to also screen out the outside defender in man coverage.

On the above play, the outside defender is playing as part of a Cover Three zone. He gives too much ground to the split end, and is no threat to the shoot route underneath. The split end will push outside for five-six yards, then straighten his route. The split end will straighten his route up and execute a hook route at 10-12 yards. For a defense, it is a futile exercise to line up 8-12 yards off the line of scrimmage while trying to defend this play in a shorter yardage situation. But, you can utilize this play to pick up a easy gain if you have a speed mismatch versus the slot defender on first down. But, you will normally see the outside corner up much tighter than that on a shorter yardage situation. The quarterback reads the second defender inside as to where to go with the ball. In this case, he will get Cover Three. He looks at the reaction of the second defender to the shoot route. What he looks for is to whether the second short defender chases the shoot route, or drifts back into the hook route that is developing behind him. This is a typical front-back option that reads the second short defender. Since the outside corner is in the line of sight area, we also want to make sure this defender turns his hips and runs with our split end, and doesn’t squat on the slot receiver.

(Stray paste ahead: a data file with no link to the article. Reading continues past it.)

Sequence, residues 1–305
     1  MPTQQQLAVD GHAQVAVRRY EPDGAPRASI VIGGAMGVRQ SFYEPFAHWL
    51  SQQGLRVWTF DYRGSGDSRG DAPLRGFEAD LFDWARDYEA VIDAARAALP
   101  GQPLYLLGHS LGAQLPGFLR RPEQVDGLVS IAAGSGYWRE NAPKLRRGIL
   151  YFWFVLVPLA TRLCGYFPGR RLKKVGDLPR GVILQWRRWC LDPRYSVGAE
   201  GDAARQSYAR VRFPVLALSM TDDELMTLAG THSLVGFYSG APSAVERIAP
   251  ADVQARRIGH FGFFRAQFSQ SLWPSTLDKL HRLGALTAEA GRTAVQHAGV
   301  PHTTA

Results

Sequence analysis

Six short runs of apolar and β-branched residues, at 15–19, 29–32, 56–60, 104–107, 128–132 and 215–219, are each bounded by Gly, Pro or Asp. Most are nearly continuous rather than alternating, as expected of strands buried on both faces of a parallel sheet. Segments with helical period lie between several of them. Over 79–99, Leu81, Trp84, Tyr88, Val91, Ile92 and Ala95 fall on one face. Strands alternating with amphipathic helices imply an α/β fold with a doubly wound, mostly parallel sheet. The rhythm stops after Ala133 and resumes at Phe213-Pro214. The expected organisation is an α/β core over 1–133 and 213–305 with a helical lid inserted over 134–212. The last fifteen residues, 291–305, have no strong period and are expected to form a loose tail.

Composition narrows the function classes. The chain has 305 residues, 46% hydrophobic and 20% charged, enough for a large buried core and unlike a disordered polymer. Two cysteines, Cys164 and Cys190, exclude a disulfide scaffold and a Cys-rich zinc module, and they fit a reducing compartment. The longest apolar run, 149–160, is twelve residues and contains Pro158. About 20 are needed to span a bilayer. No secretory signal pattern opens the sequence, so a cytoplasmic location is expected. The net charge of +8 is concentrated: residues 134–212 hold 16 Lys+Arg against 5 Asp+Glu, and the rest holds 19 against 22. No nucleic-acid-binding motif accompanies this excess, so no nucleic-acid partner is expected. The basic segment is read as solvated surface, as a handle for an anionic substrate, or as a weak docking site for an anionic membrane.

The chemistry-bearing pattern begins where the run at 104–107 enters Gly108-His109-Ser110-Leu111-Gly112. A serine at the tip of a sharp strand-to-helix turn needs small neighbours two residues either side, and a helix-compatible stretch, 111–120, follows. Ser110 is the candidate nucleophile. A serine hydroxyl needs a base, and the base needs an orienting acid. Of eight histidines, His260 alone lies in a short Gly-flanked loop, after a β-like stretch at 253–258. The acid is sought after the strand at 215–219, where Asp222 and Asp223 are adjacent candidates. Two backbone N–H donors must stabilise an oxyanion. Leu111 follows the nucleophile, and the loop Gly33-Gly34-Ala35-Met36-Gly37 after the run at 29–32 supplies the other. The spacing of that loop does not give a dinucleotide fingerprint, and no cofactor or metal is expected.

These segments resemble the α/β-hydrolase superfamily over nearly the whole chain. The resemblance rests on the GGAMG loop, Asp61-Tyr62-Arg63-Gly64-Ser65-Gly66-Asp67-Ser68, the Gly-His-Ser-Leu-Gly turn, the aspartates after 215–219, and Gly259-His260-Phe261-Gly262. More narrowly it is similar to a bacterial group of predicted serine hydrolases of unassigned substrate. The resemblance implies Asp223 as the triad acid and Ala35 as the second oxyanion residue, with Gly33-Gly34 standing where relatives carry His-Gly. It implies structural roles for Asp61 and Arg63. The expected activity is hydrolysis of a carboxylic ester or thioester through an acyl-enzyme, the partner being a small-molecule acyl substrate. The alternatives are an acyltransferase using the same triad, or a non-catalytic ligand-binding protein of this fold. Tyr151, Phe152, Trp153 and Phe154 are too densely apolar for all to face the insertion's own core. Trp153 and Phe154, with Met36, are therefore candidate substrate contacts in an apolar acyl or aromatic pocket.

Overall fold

Beating Cover Two Corners
Versus two inside techniques by the cornerbacks give a good indication of man coverage on the outside. In the case of man coverage, we teach the split end to look for two different possibilities: either a fade route, or a stalk technique to screen the first short defender from providing support for the shoot route. We try first to get the corner to turn his hips and run with our split end, and run himself out of the play. If he tries to break it off and give support to the second short defender, then the split end must break down and stalk block the corner from getting to the sideline. The reason for this is to provide

a running lane for "run after catch" yardage or "RAC" yards. The quarterbacks read in any man coverage is to go to the shoot route, where the slot receiver is trying to run away from the defender in front of him. He must believe that the split end will do his job.

When facing teams running two deep zone coverage, you can be flexible enough to take advantage of the seam route open up behind first short defender. Since we were a strong running team to the tight end side from a slot formation, we could see the safeties begin to cheat over to the tight end side of the formation. This created an opening for us to hit a big play several times. One of two things is going to happen if you try this against a cover two defense. The defense will either check to a coverage that gives them a better chance of success, or leave that seam area open down the sideline. We saw many times, that a defense had an audible call to a cover three coverage, in which as noted above we already have a plan for. In conclusion, we have examined how to use a simplistic route combination, while adding variations to disguise our intentions, and get the maximum results from a short yardage scheme, We demonstrated the multiple variations of the blocking scheme to show how flexible the scheme actually was, and still stay fundamentally sound.

(Published February 2001, Re-Released March 2009)